Science Fair Project Encyclopedia
- This article concerns the process of flying. For other meanings see Flight (disambig).
Bats are the only mammals capable of true flight. However, there are several gliding mammals which are able to glide from tree to tree using fleshy membranes between their limbs: some can travel hundreds of metres in this way with very little loss of height. Flying tree frogs use greatly enlarged webbed feet for a similar purpose, and there are flying lizards which employ their unusually wide, flattened rib-cages to the same end. Flying snakes also use a flattened rib-cage to fly, with a back and forth motion much the same as used on the ground.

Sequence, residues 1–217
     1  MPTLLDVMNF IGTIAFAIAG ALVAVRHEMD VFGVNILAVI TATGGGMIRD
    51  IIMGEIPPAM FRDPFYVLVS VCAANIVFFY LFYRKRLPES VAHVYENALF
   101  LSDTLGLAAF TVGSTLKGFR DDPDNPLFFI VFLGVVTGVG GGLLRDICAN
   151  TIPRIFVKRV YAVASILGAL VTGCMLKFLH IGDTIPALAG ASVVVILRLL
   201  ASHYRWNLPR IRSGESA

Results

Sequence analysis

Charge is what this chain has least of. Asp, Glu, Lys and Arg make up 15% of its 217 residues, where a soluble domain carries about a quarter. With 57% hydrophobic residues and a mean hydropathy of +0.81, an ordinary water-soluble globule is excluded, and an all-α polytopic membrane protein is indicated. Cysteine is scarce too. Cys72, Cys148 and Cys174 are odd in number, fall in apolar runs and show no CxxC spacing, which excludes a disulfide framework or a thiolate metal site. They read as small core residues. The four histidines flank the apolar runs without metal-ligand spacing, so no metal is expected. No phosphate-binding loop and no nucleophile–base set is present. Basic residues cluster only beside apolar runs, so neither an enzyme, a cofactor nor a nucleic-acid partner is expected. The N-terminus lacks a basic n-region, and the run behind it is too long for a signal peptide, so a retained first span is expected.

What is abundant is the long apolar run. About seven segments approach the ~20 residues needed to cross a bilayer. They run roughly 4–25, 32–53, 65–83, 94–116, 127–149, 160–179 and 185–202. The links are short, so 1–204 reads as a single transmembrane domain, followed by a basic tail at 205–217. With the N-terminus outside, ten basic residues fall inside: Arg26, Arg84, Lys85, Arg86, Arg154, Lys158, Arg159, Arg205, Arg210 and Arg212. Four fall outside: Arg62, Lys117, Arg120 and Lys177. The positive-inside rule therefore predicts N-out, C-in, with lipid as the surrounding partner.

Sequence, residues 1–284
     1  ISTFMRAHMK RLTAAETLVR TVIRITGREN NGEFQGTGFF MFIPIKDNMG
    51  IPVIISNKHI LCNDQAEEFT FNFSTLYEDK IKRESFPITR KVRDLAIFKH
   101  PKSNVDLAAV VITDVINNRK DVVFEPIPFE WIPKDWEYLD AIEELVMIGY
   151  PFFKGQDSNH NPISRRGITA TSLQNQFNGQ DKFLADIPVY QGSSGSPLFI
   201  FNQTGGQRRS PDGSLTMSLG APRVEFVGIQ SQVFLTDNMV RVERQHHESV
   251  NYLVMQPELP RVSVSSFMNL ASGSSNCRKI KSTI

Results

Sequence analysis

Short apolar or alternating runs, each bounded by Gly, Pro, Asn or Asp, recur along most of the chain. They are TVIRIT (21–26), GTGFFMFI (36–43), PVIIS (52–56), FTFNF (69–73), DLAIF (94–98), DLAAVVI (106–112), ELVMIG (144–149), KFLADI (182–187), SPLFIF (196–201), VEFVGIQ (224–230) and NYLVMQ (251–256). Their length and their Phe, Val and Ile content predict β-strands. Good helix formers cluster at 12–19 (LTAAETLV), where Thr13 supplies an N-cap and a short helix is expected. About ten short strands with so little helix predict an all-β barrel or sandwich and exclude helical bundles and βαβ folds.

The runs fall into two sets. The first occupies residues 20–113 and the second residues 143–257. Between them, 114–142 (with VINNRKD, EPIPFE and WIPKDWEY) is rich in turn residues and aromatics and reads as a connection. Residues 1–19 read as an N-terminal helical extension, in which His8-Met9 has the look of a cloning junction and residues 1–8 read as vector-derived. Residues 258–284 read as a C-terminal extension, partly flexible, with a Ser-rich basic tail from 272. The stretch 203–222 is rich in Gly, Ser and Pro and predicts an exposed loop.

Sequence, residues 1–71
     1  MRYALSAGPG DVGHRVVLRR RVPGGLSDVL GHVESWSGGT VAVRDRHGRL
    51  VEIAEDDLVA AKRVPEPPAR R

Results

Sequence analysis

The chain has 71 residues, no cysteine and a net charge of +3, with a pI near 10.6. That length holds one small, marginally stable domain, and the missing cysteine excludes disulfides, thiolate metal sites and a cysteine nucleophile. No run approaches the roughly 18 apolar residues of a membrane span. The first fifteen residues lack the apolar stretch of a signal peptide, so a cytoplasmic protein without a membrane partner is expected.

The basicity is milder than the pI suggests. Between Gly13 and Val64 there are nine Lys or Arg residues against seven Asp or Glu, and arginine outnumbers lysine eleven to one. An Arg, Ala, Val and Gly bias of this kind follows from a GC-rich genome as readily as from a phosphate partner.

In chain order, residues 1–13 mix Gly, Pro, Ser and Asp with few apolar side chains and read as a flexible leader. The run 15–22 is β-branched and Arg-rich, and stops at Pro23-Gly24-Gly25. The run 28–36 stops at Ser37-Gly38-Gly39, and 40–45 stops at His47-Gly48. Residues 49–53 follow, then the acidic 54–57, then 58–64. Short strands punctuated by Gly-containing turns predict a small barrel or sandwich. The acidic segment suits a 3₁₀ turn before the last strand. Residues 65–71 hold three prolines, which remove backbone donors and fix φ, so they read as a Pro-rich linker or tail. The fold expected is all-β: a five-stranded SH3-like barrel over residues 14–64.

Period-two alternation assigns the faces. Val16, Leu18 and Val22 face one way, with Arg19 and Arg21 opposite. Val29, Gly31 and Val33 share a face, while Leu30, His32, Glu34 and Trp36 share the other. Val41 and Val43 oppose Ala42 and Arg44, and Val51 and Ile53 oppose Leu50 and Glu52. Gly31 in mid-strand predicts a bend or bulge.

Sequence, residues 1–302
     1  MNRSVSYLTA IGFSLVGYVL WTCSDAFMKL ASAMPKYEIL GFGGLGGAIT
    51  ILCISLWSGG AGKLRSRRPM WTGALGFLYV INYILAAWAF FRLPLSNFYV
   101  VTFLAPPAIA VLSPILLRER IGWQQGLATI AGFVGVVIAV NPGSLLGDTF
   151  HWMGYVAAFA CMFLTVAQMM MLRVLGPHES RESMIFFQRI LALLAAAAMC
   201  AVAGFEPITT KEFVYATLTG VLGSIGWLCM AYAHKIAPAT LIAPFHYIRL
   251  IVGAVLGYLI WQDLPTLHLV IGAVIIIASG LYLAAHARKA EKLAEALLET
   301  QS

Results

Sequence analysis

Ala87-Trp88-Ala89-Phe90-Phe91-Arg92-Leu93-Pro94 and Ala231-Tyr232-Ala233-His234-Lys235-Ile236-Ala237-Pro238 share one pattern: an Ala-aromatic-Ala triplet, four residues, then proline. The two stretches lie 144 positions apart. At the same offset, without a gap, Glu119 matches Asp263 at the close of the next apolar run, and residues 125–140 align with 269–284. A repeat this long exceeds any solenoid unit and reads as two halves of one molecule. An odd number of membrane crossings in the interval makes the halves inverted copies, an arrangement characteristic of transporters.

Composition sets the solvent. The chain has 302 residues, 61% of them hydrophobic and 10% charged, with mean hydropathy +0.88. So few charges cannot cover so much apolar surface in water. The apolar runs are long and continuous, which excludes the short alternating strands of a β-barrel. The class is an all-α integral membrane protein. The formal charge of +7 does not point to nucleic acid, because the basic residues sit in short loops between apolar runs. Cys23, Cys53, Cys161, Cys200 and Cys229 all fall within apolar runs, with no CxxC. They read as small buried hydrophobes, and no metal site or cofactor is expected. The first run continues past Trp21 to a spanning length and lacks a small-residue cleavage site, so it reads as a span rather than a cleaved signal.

Flying fish can glide using enlarged wing-like fins, and have been observed soaring for hundreds of metres using the updraft on the leading edges of waves. It is thought that they evolved this ability to help them escape from underwater predators.
Most birds fly, with some exceptions. The largest birds, the ostrich and the emu, are earthbound, as were the now-extinct dodos, while the non-flying penguins have adapted their wings for use under water. Most small flightless birds are native to small islands, and lead a lifestyle where flight confers little advantage.
The Peregrine Falcon is the fastest animal in the world; its terminal velocity exceeds 320 km/h while diving down on its prey.
Among the millions of species of insects, many do not fly.
In the case of an aeroplane flight involves
- Amelia Earhart
- Charles Lindbergh
- Instrument flight rules
- Wright Brothers
- Model aircraft
- Alberto Santos-Dumont
- Public transport service numbering
- Visual flight
- Visual Flight Rules
- Armen Firman
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